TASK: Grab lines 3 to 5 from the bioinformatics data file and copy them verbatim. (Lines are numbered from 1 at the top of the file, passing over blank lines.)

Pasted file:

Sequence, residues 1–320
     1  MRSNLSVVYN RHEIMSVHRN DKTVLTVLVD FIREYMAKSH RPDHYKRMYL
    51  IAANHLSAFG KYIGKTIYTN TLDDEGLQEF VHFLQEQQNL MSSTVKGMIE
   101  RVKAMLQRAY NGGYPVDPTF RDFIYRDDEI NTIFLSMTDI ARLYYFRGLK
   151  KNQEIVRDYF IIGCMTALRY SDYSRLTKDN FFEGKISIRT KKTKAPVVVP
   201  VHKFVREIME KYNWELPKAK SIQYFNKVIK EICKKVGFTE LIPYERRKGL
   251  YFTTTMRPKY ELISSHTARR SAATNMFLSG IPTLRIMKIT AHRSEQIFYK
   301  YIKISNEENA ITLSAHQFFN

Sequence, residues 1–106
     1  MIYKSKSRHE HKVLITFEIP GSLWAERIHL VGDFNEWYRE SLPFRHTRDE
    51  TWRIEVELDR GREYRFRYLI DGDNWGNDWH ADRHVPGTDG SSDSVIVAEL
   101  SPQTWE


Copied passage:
    51  IAANHLSAFG KYIGKTIYTN TLDDEGLQEF VHFLQEQQNL MSSTVKGMIE
   101  RVKAMLQRAY NGGYPVDPTF RDFIYRDDEI NTIFLSMTDI ARLYYFRGLK
   151  KNQEIVRDYF IIGCMTALRY SDYSRLTKDN FFEGKISIRT KKTKAPVVVP